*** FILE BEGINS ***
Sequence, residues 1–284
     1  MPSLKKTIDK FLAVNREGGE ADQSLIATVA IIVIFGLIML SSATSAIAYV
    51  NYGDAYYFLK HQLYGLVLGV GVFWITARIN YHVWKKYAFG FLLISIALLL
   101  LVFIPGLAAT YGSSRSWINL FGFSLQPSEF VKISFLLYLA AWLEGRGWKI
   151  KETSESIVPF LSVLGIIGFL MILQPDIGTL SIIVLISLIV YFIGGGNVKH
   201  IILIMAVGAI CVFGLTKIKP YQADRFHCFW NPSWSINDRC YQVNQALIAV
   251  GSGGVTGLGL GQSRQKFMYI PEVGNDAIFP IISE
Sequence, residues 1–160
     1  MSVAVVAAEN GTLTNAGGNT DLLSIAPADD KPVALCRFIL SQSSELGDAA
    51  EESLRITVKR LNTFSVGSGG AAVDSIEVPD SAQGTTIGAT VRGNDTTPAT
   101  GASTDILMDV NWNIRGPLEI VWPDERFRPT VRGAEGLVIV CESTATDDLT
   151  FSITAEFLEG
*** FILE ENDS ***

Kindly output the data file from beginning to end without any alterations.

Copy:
Sequence, residues 1–284
     1  MPSLKKTIDK FLAVNREGGE ADQSLIATVA IIVIFGLIML SSATSAIAYV
    51  NYGDAYYFLK HQLYGLVLGV GVFWITARIN YHVWKKYAFG FLLISIALLL
   101  LVFIPGLAAT YGSSRSWINL FGFSLQPSEF VKISFLLYLA AWLEGRGWKI
   151  KETSESIVPF LSVLGIIGFL MILQPDIGTL SIIVLISLIV YFIGGGNVKH
   201  IILIMAVGAI CVFGLTKIKP YQADRFHCFW NPSWSINDRC YQVNQALIAV
   251  GSGGVTGLGL GQSRQKFMYI PEVGNDAIFP IISE
Sequence, residues 1–160
     1  MSVAVVAAEN GTLTNAGGNT DLLSIAPADD KPVALCRFIL SQSSELGDAA
    51  EESLRITVKR LNTFSVGSGG AAVDSIEVPD SAQGTTIGAT VRGNDTTPAT
   101  GASTDILMDV NWNIRGPLEI VWPDERFRPT VRGAEGLVIV CESTATDDLT
   151  FSITAEFLEG